But this center is not just about the past. It captures the living work of American diplomacy and all the creative ways that our diplomats carry out their missions. Visitors to this center will get to experience for themselves what it’s like to be part of a diplomatic simulation, stepping into the shoes of a diplomat in Darfur, for example, trying to defuse a crisis. They can take a practice run at a mock Foreign Service exam. They can even poke around an exhibit called, “Inside the Secretary’s Day.” And, fair warning, it’s not all that glamorous, but it’ll give you an idea of what Jim and I and our other colleagues have done, and to learn for themselves how challenging, valuable, and rewarding diplomacy can be.
Now, we are fortunate to have leaders in this department who exemplify that every day. Deputy Secretary Tom Nides has championed our economic statecraft initiative, along with many other tasks as our Deputy Secretary for Resources and Management. And he also was instrumental in helping us reach this point. And Tom, I’m very appreciative to you. And Bill Burns, who really is our exemplar of what an American diplomat can and should be, has been an indispensable partner to me from the moment that I walked in the door. And I am very grateful to him for his expertise, his experience, and his wry, good humor at what often happens in the world we try to understand.
And so many others who I look out and see in this audience, diplomats of today and yesterday and, I hope, of tomorrow. I think it’s important for you to see this center as a mutual project that we want you to be involved in not just today, but going forward. It’s been one of the great honors of my life to lead the men and women of the State Department and USAID to understand even more than I did before what they do for us and oftentimes how unsung their contributions have been.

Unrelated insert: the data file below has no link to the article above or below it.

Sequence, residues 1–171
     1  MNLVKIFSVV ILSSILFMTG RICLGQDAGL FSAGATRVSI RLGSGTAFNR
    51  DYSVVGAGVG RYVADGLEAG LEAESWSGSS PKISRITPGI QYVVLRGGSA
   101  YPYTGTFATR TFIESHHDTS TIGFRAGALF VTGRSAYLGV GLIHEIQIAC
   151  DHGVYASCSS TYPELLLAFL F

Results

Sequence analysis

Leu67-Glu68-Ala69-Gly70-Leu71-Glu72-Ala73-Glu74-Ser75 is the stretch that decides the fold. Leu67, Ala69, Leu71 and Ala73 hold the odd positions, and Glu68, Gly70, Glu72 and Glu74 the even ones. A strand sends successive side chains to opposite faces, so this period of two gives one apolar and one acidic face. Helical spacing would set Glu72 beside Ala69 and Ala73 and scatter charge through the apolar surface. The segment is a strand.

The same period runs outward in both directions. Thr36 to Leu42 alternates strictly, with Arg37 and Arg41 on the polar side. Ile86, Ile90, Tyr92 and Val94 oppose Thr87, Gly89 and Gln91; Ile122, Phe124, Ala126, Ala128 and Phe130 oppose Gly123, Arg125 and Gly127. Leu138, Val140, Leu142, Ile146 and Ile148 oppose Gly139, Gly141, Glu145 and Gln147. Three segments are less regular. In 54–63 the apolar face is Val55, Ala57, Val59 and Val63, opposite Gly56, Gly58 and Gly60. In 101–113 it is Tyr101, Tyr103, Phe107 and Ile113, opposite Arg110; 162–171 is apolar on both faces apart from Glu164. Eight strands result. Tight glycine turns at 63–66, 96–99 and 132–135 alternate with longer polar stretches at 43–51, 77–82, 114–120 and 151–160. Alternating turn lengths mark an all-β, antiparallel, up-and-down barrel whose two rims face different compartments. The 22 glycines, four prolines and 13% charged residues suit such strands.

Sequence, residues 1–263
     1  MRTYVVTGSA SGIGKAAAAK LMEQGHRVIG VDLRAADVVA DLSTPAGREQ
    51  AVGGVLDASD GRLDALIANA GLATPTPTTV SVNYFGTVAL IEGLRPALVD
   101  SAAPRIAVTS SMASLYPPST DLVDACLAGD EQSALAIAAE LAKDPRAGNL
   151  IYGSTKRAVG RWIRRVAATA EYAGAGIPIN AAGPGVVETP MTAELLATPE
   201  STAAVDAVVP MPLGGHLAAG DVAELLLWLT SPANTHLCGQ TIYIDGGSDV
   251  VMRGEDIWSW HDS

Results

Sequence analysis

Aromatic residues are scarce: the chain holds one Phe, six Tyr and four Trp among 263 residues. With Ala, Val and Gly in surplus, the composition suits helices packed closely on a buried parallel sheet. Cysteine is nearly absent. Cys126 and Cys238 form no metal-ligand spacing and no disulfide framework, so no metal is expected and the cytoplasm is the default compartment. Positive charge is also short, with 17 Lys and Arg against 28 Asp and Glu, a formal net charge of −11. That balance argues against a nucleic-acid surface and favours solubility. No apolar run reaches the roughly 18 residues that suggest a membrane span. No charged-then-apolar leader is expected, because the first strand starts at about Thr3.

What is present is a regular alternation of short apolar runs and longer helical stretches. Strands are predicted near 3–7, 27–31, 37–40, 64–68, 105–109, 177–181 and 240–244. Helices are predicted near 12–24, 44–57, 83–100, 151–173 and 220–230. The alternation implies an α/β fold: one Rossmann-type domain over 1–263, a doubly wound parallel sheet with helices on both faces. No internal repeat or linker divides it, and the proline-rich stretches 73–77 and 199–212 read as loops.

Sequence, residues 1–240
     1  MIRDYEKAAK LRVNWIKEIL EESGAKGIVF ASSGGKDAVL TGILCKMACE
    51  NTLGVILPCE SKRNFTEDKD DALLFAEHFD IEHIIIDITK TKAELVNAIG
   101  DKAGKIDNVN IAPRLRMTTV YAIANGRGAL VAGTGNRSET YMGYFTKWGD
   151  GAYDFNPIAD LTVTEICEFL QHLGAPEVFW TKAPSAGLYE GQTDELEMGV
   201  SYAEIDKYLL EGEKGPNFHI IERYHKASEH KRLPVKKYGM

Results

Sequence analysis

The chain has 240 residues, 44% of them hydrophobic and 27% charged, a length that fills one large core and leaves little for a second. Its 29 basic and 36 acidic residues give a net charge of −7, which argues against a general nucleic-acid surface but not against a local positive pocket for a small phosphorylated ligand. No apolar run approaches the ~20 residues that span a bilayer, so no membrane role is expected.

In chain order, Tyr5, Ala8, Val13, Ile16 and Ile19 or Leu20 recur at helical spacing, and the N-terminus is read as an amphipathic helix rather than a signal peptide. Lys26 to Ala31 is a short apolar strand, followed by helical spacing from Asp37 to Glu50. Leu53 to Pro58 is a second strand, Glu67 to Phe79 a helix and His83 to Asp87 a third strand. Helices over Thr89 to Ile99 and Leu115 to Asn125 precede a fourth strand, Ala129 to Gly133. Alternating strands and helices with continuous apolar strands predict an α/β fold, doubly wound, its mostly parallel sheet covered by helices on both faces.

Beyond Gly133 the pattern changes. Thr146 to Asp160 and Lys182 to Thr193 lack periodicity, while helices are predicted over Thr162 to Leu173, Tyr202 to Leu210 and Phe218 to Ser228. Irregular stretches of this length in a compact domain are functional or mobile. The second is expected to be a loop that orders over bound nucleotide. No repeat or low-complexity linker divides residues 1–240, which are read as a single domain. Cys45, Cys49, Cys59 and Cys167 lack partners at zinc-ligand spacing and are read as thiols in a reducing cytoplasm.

I said when I was before the Congress the other day that we’ve actually seen a spike in people wanting to take the exam for potential membership in Foreign Service. We’ve seen young people exhibit a great curiosity about what is happening in the Foreign Service. We will be launching next week a new education program that will go hand in hand with this center to try to explain not only to Americans, first and foremost, but to people around the world, why diplomacy is at the center of who we are as a nation.
So this is a project whose time has come and one we must see through. Like Jim Baker, I look forward to returning for the grand opening, the ribbon cutting. I hope it’s pretty soon and not too far off because we have a great story to tell. And we need to get about telling it. Thank you very much. (Applause.)